It's been said that we meet the people we are supposed to in life when the timing is right.
For the 2019 Los Angeles Dodgers, they're hoping that a few new people will be the difference in finishing the season as the runner-up, and hoisting the first championship trophy at Chavez Ravine in over 30 years.
As the calendar changed from 2018 to 2019, and the sting of a second straight World Series defeat began to dissipate, the new year brought some new faces to the Boys in Blue.
However, nothing comes without a price, and the exchange for an infusion of new blood did not come without a hefty price. As one door opened for a few familiar faces, another one closed as many fan favorites were sent packing either via trade or free agency.
As Manny Machado, Yasmani Grandal, Alex Wood, Matt Kemp and Yasiel Puig walked out one door, A.J. Pollock, Joe Kelly, and an old friend in Russell Martin all entered the fray through another.
How the new pieces will fit with the old, and replace the ones that left will be a big question entering the 2019 season.
Grandal provided plenty of pop last season with an NL-leading 24 home runs and 68 runs batted in. By comparison, Russell Martin only hit 10 long balls in 90 games with the Toronto Blue Jays. Will the duo of Martin and Austin Barnes be able to make up for the loss in the lineup of Grandal?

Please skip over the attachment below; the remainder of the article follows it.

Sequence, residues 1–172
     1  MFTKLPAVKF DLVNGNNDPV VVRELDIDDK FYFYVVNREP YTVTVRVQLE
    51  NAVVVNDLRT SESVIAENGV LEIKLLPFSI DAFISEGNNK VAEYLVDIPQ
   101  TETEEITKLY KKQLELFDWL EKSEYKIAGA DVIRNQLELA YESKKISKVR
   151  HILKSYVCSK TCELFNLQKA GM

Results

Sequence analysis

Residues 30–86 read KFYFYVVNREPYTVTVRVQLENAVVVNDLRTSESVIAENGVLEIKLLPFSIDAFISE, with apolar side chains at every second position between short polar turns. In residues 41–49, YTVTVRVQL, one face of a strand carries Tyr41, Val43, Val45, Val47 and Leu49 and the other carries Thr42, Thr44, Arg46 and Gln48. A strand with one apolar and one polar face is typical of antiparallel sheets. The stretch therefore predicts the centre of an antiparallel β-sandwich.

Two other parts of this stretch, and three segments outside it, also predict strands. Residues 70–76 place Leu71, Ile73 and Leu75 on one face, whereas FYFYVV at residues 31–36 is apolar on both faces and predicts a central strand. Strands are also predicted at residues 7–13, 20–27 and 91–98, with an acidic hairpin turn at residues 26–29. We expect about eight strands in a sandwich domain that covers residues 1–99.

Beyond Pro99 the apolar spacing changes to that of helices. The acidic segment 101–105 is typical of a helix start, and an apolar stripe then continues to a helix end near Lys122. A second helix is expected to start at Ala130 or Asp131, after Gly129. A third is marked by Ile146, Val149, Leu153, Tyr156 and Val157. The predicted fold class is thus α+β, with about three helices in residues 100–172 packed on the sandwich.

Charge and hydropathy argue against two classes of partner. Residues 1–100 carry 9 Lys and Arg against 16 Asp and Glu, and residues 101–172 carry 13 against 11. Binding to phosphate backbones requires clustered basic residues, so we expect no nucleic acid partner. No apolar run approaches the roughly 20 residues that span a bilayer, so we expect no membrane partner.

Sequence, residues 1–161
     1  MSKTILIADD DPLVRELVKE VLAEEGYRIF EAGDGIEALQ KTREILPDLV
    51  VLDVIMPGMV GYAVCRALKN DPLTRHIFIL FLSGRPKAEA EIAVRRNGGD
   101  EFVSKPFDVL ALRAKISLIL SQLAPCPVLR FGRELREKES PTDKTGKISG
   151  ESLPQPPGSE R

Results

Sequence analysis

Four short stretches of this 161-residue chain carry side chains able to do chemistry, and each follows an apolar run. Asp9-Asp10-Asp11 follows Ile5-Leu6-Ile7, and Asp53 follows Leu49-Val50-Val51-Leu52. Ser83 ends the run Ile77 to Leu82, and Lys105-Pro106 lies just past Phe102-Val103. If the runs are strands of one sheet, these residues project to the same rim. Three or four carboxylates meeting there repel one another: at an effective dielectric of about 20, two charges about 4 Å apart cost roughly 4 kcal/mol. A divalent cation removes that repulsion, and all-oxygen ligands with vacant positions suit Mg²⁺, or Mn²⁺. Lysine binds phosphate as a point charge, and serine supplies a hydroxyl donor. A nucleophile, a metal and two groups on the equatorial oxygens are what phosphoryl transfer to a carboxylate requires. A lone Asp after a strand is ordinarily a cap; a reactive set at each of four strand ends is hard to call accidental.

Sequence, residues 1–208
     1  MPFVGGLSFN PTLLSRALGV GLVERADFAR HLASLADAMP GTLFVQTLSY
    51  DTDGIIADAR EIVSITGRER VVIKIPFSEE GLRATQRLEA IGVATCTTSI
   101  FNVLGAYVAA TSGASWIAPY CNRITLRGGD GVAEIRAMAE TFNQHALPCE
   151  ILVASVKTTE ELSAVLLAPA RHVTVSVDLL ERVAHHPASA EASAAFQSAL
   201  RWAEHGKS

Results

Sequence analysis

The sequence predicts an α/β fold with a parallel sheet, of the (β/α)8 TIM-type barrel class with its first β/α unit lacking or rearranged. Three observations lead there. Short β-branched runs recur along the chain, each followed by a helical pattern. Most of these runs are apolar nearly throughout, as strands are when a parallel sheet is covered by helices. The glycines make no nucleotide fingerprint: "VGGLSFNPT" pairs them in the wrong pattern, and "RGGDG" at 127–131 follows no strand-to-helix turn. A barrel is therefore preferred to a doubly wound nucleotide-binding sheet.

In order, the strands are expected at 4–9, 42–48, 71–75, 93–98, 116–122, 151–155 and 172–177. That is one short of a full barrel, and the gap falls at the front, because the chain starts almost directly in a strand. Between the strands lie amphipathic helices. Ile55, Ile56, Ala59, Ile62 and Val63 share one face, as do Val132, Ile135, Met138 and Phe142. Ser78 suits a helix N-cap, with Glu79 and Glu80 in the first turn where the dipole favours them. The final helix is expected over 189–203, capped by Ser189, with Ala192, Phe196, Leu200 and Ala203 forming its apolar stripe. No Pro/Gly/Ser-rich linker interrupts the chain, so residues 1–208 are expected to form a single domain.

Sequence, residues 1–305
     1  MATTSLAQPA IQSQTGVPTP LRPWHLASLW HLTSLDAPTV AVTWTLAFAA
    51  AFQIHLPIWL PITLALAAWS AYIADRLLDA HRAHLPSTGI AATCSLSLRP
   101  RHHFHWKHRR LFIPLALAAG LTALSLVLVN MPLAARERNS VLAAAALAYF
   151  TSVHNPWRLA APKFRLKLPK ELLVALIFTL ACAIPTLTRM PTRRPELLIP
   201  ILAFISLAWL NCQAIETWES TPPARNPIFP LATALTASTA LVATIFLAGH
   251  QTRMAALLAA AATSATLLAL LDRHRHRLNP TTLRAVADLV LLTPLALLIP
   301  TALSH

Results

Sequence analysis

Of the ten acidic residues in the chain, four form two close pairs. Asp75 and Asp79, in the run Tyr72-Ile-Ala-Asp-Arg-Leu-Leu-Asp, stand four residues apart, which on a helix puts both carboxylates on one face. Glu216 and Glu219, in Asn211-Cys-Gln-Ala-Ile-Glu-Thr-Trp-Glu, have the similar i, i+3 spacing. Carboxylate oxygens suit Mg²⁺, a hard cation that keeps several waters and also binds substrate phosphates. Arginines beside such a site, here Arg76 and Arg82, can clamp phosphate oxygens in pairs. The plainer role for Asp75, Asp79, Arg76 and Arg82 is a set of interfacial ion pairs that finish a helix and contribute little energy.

Puig and Kemp combined for 44 home runs and 152 RBI in 2018, and the Dodgers hope that their productivity can be replicated by the often injured outfielder A.J. Pollock, who signed a five-year $60 million deal in the offseason. Pollock probably won't be able to put up those kinds of numbers on his own, so the organization is praying for a breakout rookie year by Alex Verdugo.
Finally, the Dodgers fixed a glaring hole in the back end of their bullpen as they bolstered the bridge to closer Kenley Jansen by signing Los Angeles native Joe Kelly as a free agent.
Kelly gave the Dodgers fits in the Fall Classic with the Red Sox last October, throwing six shutout innings in all five games of the World Series. Despite his dominance when the lights were the brightest, Kelly struggled in the second half of the regular season, and the Dodgers are hoping those struggles are permanently behind him, as Kelly comes back to pitch in the National League for the first time since 2014.